The blue city mystery

The blue city mystery

A visitor to Chefchaouen, Morocco will immediately notice one thing.

The entire city is blue, including the blue houses, blue roofs, blue walls, blue steps, narrow blue streets, and even blue flower pots.

Chefchaouen, also known as Chaouen, is a city in Northern Morocco and is referred to as the Blue Pearl of Morocco due to its numerous blue architectural structures and small alleyways.

Why is this place completely blue?

I asked other residents of Chefchaouen why they thought the city was blue, and they responded as follows.

Some claim that the color blue represents the sky (or heaven), while others claim it serves as a mosquito deterrent, keeps people cool, resembles water, looks lovely, and draws tourists.

These explanations didn’t make it any clearer to me why this city was blue.

Why is Morocco’s renowned “blue town” blue?

You must go to history for the solution.

Chefchaouen, also known as Chaouen, was constructed in the early 1500s but wasn’t painted blue until the 1900s.

As the Second World War got underway, Jews began to arrive in Morocco in huge numbers.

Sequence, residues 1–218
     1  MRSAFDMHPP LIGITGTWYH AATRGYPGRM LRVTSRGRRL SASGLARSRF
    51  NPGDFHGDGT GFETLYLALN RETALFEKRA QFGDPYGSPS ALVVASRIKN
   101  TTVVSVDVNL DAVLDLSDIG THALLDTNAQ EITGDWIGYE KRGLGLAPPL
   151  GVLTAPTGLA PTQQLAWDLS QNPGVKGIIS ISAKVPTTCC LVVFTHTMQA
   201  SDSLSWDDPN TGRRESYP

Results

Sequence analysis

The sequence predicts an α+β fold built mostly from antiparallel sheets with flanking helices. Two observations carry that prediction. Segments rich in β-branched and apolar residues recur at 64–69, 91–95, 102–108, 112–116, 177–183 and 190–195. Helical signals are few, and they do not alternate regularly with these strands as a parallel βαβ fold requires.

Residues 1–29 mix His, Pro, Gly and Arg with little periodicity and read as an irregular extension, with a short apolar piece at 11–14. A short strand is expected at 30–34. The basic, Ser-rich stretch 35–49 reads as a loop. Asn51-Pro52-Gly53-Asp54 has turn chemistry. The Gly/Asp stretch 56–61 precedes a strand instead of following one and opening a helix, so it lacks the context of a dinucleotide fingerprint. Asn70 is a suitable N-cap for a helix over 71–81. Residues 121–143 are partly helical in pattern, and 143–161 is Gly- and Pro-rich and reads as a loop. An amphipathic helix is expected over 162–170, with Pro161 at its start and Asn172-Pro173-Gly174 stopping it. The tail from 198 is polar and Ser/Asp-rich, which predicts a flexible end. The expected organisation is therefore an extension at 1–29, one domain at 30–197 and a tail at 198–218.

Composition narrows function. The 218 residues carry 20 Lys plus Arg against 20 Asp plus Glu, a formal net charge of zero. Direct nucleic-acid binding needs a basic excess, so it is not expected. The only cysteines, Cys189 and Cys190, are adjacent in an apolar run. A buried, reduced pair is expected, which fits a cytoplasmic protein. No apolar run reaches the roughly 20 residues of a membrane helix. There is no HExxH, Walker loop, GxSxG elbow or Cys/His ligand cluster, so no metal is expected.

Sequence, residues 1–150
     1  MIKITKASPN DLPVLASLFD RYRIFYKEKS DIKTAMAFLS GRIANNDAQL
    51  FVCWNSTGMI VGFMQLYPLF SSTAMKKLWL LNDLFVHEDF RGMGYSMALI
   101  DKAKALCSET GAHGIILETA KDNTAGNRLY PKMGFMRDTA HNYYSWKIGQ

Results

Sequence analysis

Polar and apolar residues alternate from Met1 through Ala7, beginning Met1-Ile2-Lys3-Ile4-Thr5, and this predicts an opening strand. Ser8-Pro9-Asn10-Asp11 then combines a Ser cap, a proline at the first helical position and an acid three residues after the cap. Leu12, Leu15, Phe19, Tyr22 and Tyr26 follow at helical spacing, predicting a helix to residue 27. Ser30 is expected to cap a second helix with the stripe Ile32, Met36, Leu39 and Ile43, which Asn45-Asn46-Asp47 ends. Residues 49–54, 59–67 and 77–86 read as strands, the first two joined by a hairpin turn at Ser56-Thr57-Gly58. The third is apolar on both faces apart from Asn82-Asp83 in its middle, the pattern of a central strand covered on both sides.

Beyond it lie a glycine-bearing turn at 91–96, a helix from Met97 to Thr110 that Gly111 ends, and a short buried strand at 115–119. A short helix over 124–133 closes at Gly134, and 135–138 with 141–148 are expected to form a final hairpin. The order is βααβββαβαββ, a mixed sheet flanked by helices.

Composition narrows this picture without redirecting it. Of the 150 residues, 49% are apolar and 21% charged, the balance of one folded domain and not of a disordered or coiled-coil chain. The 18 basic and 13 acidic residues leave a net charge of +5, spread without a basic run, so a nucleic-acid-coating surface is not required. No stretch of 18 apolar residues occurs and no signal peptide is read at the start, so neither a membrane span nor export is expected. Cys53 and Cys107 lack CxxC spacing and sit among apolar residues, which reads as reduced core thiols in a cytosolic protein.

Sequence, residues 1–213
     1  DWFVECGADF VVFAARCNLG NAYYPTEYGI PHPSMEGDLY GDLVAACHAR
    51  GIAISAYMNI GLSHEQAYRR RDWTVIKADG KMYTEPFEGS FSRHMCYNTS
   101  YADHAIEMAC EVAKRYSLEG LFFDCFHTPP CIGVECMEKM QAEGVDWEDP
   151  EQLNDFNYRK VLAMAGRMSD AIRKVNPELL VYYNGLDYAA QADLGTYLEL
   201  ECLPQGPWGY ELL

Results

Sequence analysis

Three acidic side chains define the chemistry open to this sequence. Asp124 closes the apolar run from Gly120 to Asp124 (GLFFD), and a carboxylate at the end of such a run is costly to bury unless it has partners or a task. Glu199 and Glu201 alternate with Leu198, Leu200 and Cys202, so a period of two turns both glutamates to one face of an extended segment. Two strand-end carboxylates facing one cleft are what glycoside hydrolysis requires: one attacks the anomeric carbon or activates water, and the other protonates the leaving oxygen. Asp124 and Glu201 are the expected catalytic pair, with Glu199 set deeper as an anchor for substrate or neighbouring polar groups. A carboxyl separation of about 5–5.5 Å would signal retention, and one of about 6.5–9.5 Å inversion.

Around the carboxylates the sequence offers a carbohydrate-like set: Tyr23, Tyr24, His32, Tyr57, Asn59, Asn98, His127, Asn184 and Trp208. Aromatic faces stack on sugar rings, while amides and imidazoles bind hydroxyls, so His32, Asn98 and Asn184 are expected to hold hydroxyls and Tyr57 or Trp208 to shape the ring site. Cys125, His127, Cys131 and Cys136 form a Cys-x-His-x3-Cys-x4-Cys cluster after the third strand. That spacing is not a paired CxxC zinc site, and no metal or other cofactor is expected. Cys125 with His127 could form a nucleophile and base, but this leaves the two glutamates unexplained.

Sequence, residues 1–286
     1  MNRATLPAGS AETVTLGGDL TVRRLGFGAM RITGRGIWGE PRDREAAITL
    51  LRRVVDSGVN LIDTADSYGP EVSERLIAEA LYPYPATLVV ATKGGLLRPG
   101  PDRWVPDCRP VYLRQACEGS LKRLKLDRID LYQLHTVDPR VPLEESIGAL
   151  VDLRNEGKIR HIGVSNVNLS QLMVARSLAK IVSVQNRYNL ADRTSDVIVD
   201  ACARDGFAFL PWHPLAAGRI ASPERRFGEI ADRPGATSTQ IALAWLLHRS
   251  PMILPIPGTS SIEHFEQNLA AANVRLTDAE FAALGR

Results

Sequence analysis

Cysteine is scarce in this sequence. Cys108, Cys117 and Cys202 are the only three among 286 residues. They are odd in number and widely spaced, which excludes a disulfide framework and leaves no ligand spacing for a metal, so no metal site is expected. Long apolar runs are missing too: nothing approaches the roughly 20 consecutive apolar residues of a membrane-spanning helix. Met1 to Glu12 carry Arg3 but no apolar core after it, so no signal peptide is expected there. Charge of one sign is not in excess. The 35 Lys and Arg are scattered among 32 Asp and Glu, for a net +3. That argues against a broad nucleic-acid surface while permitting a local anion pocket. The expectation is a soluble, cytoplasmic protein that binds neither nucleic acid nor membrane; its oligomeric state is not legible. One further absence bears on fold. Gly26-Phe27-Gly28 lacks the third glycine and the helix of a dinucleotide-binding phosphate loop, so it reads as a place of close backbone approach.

According to Jewish tradition, blue symbolizes the sky, which conjures up images of God and heaven.

Jewish communities have a long practice of painting things blue.

The town still maintains the city’s signature blue color today to protect the history, culture, and tradition of its residents.

Whether or whether this is the correct response, you will undoubtedly run into things as you explore the world that you are unsure of or that appear unusual.

But if you pause to consider why, you can learn a local mystery, like the reason why an entire city is painted blue.

From any of the major Moroccan cities, you can get to Chefchaouen.

The most frequented and quickest route is a two-hour ride across the breathtaking Rif Mountains from Tangier to Chefchaouen.

In addition, it is possible to go to Chefchaouen from the major cities of Fez, Casablanca, or Marrakech. The travel times from each city to Chefchaouen are 3–4 hours from Fez, 5–6 hours from Casablanca, and 6–8 hours from Marrakech.

Making the trip to Chefchaouen is worthwhile no matter how you go, and for the next time you have the chance to go, here are 5 of my favorite highlights that you can’t miss :

. exploring the blue town’s winding streets.

. Locate a restaurant and order a dish from there (I recommend Tagine or Couscous).

. visiting God’s Bridge and the stunning Akchour Waterfalls on a day trip.

. Choosing to stay in a local Riad and taste the mouth-watering mint tea.

. visiting one of the several artisan stores to buy a textile, some spices, or regional goods to bring home.

Here are some of my favorite small group trips that will take you to explore the Blue City of Chefchaouen when you’re ready to visit Morocco, in particular.